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  1. This paper addresses a critical question pertaining to manufacturing sustainability: is it economically viable to implement an island microgrid to power a flow shop system under power demand and supply uncertainty? Though many studies on microgrid sizing are available, the majority assume the microgrid is interconnected with main grid. This paper aims to size wind turbine, photovoltaic and battery storage to energize a multi-stage flow shop system in island mode. A mixed-integer, non-linear programming model is formulated to optimize the renewable portfolio and capacity with the goal of minimizing the levelized cost of energy. The island microgrid is tested inmore »three locations with diverse climate profiles. The results show that net zero energy flow shop production is economically feasible in the areas where the average wind speed exceed 8 m/s at 80-meter tower height, or the battery cost drops below $100,000/MWh. Sensitivity analyses are further carried out with respect to installation cost, demand response program, production scalability, and weather seasonality.« less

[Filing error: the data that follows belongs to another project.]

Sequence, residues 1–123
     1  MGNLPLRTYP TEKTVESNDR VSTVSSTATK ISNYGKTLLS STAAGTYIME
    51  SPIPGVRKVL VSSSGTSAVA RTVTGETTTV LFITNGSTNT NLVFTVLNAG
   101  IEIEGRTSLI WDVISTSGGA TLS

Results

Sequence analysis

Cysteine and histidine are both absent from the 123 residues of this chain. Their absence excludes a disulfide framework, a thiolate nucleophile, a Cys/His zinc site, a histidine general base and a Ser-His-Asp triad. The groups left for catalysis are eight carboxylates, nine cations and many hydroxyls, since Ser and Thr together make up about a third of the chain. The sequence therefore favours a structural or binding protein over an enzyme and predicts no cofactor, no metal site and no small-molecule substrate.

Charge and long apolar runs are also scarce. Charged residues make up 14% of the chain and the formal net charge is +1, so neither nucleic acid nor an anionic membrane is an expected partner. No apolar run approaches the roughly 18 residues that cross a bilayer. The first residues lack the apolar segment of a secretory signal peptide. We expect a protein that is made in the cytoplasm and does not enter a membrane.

2. A variety of methods have been proposed to assist the integration of microgrid in flow shop systems with the goal of attaining eco-friendly operations. There is still a lack of integrated planning models in which renewable portfolio, microgrid capacity and production plan are jointly optimized under power demand and generation uncertainty. This paper aims to develop a two-stage, mixed-integer programming model to minimize the levelized cost of energy of a flow shop powered by onsite renewables. The first stage minimizes the annual energy use subject to a job throughput requirement. The second stage aims at sizing wind turbine, solar panelsmore »and battery units to meet the hourly electricity needs during a year. Climate analytics are employed to characterize the stochastic wind and solar capacity factor on an hourly basis. The model is tested in four locations with a wide range of climate conditions. Three managerial insights are derived from the numerical experiments. First, time-of-use tariff significantly stimulates the wind penetration in locations with medium or low wind speed. Second, regardless of the climate conditions, large-scale battery storage units are preferred under time-of-use rate but it is not the case under a net metering policy. Third, wind- and solar-based microgrid is scalable and capable of meeting short-term demand variation and long-term load growth with a stable energy cost rate.« less